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Author: Ja'Sean Holmes (Page 1 of 2)

The Disabled in the Second Wave of Eugenics

    Eugenics, the selection of desired heritable characteristics in order to improve future generations, has been both an admired and a highly controversial branch of science.  Birthed in the mid-nineteenth century by British scholar Francis Galton upon his discovery of Charles Darwin’s theory of evolution by natural selection, this field of study has inspired scientific communities and governments throughout the world to seek advancement of the human population and eradication of social issues by selectively promoting reproduction among favored individuals and by inhibiting reproduction with unfavorable individuals. This cause for eugenics even compelled certain authorities to implement forced sterilization and, most strikingly, the utter genocide of Jews and other peoples by Nazi Germany. With such egregious events having occurred in the name of eugenics, the drastic decline in the popularity of this field is indeed feasible. Continue reading

Why She Deserved It: Her Legacy and Hope

She was in utter confusion. She had read the entire 120 meters of data countless times, but, with each reading, her understanding remained unreached. She had not seen anything like it in the past, but, after months of further perusal, an explanation was finally found to make sense of this uncanny discovery, which led to the awarding of the Nobel Prize. However, the award was never given to her. She did not get was she rightfully deserved.

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Aristotle: History and Relevancy

Aristotle continues to remain relevant in the realms of science. Throughout the work The Scientific Revolution, Steven Shapin elaborates the vast changes that galvanized seventeenth-century society; he discusses how new scientific ideas and findings of the times shifted common thought from Aristotelian logic to more substantive, explicit reasoning. Many of the scholars who propelled such changes, however, underwent a great deal of criticism and resistance when initially sharing their ideas. The beliefs of the renowned philosopher Aristotle were highly prominent for centuries, and all of sudden these ideas were being uprooted by new, unknown scholars. On the other hand, these new ideas were eventually accepted as common truths, thus decreasing science’s reliance on philosophy. Conversely, as the notion of science is an inherently human endeavor, certain aspects of philosophy, namely those of Aristotle, are still implemented into today’s scientific practices. Continue reading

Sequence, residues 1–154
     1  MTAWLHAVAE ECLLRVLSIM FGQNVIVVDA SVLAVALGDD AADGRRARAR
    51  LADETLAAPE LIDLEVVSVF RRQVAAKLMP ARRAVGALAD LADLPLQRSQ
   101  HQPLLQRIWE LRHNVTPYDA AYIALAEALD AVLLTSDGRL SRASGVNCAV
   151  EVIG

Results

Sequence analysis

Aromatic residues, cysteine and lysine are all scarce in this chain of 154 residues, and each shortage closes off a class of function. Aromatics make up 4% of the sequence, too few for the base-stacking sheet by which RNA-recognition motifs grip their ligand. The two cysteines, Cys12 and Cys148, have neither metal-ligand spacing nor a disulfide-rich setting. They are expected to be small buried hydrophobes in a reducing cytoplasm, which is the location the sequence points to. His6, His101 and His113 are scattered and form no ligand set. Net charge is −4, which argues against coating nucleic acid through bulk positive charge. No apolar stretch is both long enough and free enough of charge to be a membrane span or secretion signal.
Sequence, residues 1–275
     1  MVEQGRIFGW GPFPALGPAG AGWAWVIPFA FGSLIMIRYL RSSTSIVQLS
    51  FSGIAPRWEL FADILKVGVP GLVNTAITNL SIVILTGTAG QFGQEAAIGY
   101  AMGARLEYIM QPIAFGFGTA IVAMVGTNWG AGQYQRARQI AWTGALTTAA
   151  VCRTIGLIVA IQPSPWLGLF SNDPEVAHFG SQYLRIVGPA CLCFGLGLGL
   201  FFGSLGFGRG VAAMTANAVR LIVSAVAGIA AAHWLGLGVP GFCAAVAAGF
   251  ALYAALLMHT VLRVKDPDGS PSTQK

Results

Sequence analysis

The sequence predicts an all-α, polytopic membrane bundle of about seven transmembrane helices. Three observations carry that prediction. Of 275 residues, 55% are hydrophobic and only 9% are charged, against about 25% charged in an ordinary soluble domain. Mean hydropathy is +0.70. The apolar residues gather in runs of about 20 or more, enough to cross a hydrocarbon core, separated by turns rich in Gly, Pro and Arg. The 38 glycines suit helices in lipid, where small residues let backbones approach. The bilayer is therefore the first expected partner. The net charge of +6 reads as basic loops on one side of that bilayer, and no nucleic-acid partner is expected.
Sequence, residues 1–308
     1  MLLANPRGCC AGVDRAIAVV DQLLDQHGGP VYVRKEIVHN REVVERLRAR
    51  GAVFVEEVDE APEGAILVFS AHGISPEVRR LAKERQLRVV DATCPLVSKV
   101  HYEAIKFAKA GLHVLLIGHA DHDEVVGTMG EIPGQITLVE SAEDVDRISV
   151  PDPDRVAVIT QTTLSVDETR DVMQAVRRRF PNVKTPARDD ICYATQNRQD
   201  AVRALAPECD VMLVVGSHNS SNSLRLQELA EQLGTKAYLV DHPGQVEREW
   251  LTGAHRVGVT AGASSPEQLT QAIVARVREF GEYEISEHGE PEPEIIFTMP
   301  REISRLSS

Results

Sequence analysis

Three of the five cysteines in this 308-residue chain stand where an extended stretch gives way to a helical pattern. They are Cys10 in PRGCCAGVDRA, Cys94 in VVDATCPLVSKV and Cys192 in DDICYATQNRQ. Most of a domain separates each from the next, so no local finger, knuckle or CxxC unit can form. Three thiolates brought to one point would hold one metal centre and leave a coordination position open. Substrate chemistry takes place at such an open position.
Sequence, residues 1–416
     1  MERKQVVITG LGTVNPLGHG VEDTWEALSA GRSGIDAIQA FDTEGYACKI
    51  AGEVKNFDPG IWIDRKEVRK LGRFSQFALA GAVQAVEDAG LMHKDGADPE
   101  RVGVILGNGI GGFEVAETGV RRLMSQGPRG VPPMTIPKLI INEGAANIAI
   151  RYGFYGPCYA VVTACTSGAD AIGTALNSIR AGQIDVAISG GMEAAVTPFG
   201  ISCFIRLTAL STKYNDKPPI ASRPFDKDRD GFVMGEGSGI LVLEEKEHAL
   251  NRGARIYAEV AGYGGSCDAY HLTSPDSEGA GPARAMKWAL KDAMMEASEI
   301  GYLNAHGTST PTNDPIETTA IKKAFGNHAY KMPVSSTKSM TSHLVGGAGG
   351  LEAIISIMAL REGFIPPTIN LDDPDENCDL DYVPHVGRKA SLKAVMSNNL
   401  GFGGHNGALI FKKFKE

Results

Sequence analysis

The Network of Networks: First Law

“Technology is neither good nor bad; nor is it neutral,” historian and professor Melvin Kranzberg once declared in his elaboration of the history and analysis of technology. Rather, its impact is determined by the societal constraints under which it is placed during its time of use; that which is considered a “bad” technology in one culture may be an undeniably “good” technology in another culture. Indeed, all technologies come with their benefits and consequences, but each culture weighs these consequences differently depending on the matters that the culture is facing.

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